To be fair, Roddenberry had some legitimate reasons to despise Star Fleet Battles. He and Paramount had no control over it due to the generous licensing and copyright terms Franz Joseph received for the Starfleet Technical Manual. Combine that with Roddenberry's evolving belief in his own utopianism throughout the 1980s, and it's not surprising that Roddenberry would have taken issue with a war game set in a universe that looked very much like his.

Two or three years later, Dreadnought! wouldn't have been published. That's unfortunate.
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Old July 6 2013, 11:59 PM   #29
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Re: Just reread Dreadnaught!

zarkon wrote: View Post
I don't really see Evan as a Mary Sue. The only things that hint in that direction are the bizarre conversations she has with Kirk & Spock that don't work at all. Other then those she's a good character.
Based on Janet Kagan's own mother, so not quite the way Mary Sues are usually derived.
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Old July 7 2013, 12:11 AM   #30
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Re: Just reread Dreadnaught!

Allyn Gibson wrote: View Post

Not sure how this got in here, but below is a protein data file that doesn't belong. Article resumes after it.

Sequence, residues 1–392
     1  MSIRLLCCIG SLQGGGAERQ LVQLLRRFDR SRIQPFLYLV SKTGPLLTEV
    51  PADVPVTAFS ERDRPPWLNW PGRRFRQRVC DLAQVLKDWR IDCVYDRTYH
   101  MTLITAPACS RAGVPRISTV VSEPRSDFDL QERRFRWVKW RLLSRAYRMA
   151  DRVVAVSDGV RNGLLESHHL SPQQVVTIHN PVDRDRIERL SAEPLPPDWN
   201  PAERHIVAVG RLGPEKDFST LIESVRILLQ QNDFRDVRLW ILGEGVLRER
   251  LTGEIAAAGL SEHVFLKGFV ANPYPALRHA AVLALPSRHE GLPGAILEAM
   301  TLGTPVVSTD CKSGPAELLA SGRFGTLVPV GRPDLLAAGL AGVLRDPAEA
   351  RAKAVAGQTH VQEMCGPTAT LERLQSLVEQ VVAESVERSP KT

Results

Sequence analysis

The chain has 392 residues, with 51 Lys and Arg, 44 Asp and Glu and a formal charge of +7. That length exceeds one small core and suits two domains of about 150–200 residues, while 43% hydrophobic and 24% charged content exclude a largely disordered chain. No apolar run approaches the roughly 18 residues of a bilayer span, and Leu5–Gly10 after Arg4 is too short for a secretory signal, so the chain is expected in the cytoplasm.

To be fair, Roddenberry had some legitimate reasons to despise Star Fleet Battles.

Two or three years later, Dreadnought! wouldn't have been published. That's unfortunate.
Hey, I agree with you! I wasn't trying to be unfair. The whole "What is canon?" thing came about from incidences at conventions, such as when techie minded fans challenged Roddenberry on why the movies weren't using the "cool" designs of Franz Joseph and SFB, or why the UFP wasn't declaring war upon the Klingons and Romulans.

I recall my announcement of the then-upcoming "Dreadnought!" in our Trek fan club newsletter of the day. I predicted, knowing of Roddenberry's then-recent convention outbursts about SFB, that the design would "probably be declared a failure" in the context of the novel. In those days, GR himself was supposedly vetting the tie-in manuscripts, although it was probably Susan Sackett on his behalf. (She had definitely been vetting the Bantam titles, and Richard Arnold didn't start on them until the ST IV novelization, six months after "Dreadnought!")